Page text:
– Fascinating story of the Mormon Church reevaluating the role of women.

– “What’ll Become of Me?” Finding the real Patsey of “12 Years a Slave.”

The Best Picture Nominees shot on Kodak film.

– When the gays come to townso does the money.

9 Responses to The Truth About TRIP

  1. March 3, 2014 at 7:28 am Ginny Maier responds:

    Nice work pulling this together, Rachel! Just another example of why you deserved your “most influential” honor.

    In a similar vein, we should be looking at funding for ALL similar reports and studies and looking for independent confirmation of their data and keeping in mind the “spin.” My personal favorite is the “highest taxes” ones we get regularly that don’t account for the value of benefits we gain from the tax (and tend to lead to tax exemption deals for business, shifting the burden even more).

  2. March 3, 2014 at 8:28 am Animule responds:

    Rachel, how about a little research on how much money the principals of Hart’s Local Grocers are spending on their new store? The $1.15 million Small Business Administration loan secured for the store plus the $3 million local bank loan indicate that virtually the entire project is being financed with “other (taxpayers) people’s money.” This is very similar to the financial situation for the Fast Ferry and we all know how that panned out. Nobody was ever able to verify just how much money came from the principals behind the fast ferry, which suggests that almost none did come from them. This just sounds way too familiar.

  3. March 3, 2014 at 10:26 am Urban Explorer responds:

    How does a local bank loan qualify as taxpayer money? My mortgage is a “local bank loan;” that doesn’t involve taxpayer money.

    • March 3, 2014 at 1:40 pm Animule responds:

      The “local bank loan” qualifies as taxpayer money when it is backed by (at a minimum) “tax credits to financial intermediaries in order to attract private capital” as part of the government’s Healthy Food Financing Initiative. The key phrase in the Hart’s project is that it is “in an area certified by the US Department of Agriculture as a food dessert” which means the government (as in ordinary people) are hip deep in this “investment.” Add the $1.15 million SBA loan that is totally paid for by taxpayers in the event of default and the $145k “incentive package” that COMIDA approved for this $3.6 million project, and it is likely that taxpayers have considerably more at stake (and at risk) here than the actual principals of the store who (at least from this analysis) have little or nothing at stake here.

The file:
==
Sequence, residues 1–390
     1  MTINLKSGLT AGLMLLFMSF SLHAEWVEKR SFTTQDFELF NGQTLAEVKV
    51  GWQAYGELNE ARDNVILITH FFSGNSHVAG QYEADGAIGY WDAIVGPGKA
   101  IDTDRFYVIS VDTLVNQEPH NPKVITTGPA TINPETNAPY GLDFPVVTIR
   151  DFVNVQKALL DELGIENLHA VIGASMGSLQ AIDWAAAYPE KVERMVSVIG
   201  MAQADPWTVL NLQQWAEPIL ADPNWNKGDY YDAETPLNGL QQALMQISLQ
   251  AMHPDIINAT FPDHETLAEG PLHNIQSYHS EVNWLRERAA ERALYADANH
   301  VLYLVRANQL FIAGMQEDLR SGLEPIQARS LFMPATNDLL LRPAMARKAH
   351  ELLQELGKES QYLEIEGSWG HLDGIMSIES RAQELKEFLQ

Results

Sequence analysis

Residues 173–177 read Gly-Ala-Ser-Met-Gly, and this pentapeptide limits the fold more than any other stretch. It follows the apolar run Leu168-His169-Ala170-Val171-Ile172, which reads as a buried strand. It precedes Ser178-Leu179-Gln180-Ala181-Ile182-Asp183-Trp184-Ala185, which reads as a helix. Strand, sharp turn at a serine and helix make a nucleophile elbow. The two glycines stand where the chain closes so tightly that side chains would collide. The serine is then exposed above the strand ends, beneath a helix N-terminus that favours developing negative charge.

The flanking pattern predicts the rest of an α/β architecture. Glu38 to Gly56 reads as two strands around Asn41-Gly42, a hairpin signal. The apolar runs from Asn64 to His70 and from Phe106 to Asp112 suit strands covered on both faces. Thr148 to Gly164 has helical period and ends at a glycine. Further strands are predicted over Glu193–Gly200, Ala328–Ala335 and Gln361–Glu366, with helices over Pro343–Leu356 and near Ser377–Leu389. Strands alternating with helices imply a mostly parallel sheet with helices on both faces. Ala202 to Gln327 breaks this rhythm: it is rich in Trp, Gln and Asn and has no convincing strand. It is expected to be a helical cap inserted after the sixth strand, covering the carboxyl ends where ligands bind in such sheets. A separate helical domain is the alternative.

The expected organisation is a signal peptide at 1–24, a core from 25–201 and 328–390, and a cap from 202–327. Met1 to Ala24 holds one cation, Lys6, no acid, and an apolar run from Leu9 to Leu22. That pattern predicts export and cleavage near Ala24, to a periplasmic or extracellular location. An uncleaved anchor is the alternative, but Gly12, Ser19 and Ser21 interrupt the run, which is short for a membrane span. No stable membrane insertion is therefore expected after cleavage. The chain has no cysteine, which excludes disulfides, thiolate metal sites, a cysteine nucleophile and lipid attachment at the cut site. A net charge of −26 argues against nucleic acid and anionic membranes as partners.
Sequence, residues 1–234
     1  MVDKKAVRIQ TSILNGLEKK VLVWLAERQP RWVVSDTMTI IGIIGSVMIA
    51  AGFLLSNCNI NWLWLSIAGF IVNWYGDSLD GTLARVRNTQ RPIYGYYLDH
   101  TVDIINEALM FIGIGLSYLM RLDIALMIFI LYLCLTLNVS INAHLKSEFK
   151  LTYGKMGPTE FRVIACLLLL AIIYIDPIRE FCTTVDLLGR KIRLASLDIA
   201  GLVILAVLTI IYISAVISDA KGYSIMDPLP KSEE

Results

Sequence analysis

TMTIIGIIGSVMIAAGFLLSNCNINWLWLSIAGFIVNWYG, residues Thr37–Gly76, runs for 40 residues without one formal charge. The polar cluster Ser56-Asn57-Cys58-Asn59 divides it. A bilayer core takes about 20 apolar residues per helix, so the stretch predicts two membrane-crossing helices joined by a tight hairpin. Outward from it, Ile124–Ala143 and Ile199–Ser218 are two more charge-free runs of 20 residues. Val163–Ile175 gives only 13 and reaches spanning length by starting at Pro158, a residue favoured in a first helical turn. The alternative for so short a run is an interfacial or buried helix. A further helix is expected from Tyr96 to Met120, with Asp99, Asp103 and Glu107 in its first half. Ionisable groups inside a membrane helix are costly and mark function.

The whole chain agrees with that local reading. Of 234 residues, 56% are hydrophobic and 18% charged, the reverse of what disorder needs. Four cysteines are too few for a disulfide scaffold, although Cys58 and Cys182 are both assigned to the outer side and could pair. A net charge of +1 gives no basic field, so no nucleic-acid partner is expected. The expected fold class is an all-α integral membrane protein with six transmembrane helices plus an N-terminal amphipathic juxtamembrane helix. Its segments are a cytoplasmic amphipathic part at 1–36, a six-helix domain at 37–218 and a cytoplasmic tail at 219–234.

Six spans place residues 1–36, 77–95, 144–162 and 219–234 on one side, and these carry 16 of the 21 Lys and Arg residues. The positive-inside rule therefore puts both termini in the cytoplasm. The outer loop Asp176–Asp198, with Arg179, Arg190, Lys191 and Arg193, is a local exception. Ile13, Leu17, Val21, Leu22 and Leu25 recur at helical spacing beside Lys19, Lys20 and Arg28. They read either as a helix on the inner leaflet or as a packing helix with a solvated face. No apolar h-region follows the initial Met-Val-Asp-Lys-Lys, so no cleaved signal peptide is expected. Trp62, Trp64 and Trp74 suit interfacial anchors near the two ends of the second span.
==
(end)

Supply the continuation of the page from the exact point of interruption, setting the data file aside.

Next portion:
4. March 3, 2014 at 11:15 am JustMe responds:

    28 hours a year is about 6 minutes per work day of traffic delay. I’m laughing at how people from New York, LA, DC, Seattle, Boston would envy that!

    And isn’t it interesting that the Texas measures of delays go up drastically right at the time that we rebuilt the Can of Worms and removed the largest source of highway delays in Rochester? Can’t help but wonder how the measuring was done.

  5. March 4, 2014 at 2:03 pm Kevin Yost responds:

    Same thing with the resurfacing of roads such as I-390 south of the Thruway with the Stimulus funds over the last few years, when there was nothing wrong with that road or many others before. The money should have been spent on building a few more new roads and/or making more public transportation.

    • I-390 resurfacing is a necessary maintainance. The ride on there was not that great also. So you would rather see existing infrastructure deteriorate to the point of a more expensive replacement option and use the money to build new unnecessary additional state highways (which would cost 10X the resurfacing)? This plays into Rachels last point. We pay taxes for these highways to be maintained.

      • March 9, 2014 at 11:28 am Rachel Barnhart responds:

        This isn’t about not resurfacing roads and ignoring necessary maintenance. This is about road EXPANSION.

      • March 10, 2014 at 5:27 pm Kevin Yost responds:

        Why can’t I-390 south of the Thruway just be asphalt just like north of the Thruway, so it does not have to be resurfaced so often, as is currently the case down there with the concrete surface?